Behind Enemy Lines is a new twenty-six minute featurette with editor Freeman A. Davies and assistant editor Lisa Zeno Churgin. This covers how they came to work on the picture, editing work that they'd done before working on Southern Comfort, what they learned from earlier projects, the importance of being in the background when editing a movie, what it was like working together, what it was like working with Walter Hill, the impact of the union system, specific details of the machines that the film was edited on, dealing with the sheer volume of film that Hill shot, why it is important not to over-cut, how long it took to edit the film and other details around their work on the film and with Hill in general.

    The seventeen minute Soldiers, Not Mailmen is a new interview with costumer Dan Moore that goes over how he came to work in the industry, early productions he was involved in, getting his start as a production assistant and making his way to working in the costume department, how he came to work with Walter Hill, collaborating again on Southern Comfort, what it was like on set and working on location, dealing with different stunt performers, research that was needed to get the costumes right, how challenges arose when dealing with the intended color scheme for the movie and how much he loves Louisiana.

    Into the Unknown spends fifteen minutes with film historian Wayne Byrne on Southern Comfort and the legacy of Walter Hill. He talks about how he came to be aware of the movie and seeing it for the first time, the impact of the VHS cover art, why he considers the movie to be a southern gothic horror film, the evolution of the story and how a specific sequence on Hard Times was the genesis of the movie, how the film explores conflict on different levels, the importance of the swamp location, the importance of Hill's work and influence in action and western genres and his own experiences talking with Hill.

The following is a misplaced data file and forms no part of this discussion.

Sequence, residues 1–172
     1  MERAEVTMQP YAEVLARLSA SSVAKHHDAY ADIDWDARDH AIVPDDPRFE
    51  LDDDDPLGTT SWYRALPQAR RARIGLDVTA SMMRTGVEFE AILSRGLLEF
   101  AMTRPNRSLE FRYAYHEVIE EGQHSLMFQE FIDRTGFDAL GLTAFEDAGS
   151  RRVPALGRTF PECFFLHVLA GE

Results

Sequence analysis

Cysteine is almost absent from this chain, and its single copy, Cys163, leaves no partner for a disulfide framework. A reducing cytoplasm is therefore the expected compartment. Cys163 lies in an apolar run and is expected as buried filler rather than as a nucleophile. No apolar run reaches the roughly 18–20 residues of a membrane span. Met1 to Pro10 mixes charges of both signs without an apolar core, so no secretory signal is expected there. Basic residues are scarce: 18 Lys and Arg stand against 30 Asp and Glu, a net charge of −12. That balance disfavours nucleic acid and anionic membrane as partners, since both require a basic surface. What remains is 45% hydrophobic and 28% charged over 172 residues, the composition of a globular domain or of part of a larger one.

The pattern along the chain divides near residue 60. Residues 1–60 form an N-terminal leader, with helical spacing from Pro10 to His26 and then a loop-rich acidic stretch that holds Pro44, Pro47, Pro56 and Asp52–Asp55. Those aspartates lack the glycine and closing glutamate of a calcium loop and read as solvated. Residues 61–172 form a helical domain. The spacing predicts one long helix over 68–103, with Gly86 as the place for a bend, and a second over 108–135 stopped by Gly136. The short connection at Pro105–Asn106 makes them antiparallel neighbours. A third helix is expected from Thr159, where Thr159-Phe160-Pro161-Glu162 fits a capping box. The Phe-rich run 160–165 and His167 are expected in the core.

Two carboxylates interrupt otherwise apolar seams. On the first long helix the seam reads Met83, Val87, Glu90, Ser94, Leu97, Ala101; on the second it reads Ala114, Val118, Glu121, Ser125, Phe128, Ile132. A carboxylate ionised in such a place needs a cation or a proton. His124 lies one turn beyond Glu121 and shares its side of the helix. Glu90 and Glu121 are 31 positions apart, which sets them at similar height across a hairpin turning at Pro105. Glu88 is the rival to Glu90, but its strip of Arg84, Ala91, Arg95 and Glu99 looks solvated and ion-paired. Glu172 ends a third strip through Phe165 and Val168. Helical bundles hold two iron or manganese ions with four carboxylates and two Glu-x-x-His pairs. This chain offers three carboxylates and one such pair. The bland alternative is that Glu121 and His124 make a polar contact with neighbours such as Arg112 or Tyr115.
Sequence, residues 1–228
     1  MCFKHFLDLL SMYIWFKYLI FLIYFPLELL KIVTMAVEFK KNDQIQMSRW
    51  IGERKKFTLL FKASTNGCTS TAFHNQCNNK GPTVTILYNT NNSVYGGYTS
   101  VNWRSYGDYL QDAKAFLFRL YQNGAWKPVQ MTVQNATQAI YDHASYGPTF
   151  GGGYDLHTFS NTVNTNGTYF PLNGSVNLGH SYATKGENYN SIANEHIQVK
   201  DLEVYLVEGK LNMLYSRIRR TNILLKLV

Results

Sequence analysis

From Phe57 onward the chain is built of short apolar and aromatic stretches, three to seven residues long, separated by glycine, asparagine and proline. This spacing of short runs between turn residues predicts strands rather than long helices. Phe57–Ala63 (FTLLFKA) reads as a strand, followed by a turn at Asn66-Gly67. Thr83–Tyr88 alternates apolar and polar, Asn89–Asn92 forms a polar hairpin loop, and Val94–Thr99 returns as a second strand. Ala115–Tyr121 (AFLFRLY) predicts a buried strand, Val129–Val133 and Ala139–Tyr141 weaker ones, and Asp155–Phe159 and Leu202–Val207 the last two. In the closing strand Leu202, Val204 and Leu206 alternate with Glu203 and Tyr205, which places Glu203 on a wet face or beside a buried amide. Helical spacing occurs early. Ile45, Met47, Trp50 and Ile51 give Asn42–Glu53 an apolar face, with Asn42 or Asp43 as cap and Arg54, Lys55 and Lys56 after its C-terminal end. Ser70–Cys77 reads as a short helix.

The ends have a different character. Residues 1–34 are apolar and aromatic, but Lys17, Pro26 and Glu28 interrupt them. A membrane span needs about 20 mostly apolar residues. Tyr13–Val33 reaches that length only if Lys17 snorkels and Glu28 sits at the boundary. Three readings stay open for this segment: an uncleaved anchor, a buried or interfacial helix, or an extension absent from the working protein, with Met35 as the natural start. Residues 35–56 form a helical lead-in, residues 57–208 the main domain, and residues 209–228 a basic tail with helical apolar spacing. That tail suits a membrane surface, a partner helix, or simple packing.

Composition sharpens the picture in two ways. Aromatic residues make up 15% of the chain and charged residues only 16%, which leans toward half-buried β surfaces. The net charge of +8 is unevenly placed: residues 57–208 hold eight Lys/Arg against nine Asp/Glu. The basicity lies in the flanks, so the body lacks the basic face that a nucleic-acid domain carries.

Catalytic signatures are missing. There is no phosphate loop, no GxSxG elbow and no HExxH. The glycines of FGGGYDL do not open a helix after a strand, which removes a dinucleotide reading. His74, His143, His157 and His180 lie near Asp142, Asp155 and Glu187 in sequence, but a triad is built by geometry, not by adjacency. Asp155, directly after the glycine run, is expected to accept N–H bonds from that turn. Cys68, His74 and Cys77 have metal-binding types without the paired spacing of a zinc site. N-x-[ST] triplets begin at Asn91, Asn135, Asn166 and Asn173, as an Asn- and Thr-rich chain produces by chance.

Also included on the disc is a twenty-seven minute long archival ‘making of' featurette that includes new interviews with Hill, producer/writer David Giler and cast members Keith Carradine, Powers Boothe, Peter Coyote and Lewis Smith. This is a pretty interesting look back at the making of the movie that not only offers up some interesting stories about what it was like working on the shoot but about the film's maybe/maybe not metaphorical take on America's involvement in the Vietnam war. Some of the film's themes and ideas are also discussed in enough detail to make this well worth sitting through.

    Finishing up the extras on the disc are a still gallery, a two minute video trailer, menus and chapter selection options.

    As to the packaging, if purchased from the Vinegar Syndrome website, this set comes with special limited edition deluxe magnet box and slipcover set designed by Tony Stella and includes a forty-page perfect bound book and is limited to 8,000 units. That book contains an essay called ‘Weekend Warriors’ by Nicolas Rapold. Additionally, we get some reversible cover sleeve art and, inside the black keepcase, a second booklet containing an essay by Brian Brems titled ‘Swamp’

    Southern Comfort - The Final Word:

    Southern Comfort remains one of Walter Hill's best films, a gritty and tense thriller that mixes up action and backwoods horror in really effective ways. The cast shines and the location work and cinematography really help to build atmosphere and suspense while the director's steady hand controls the pacing to deliver a grim but exciting picture. The UHD/Blu-ray edition from Vinegar Syndrome offers up the film in an excellent presentation and with a nice selection of extra features as well. Highly recommended!



    Click on the images below, or right click and open in a new window, for full sized Southern Comfort Blu-ray screen caps!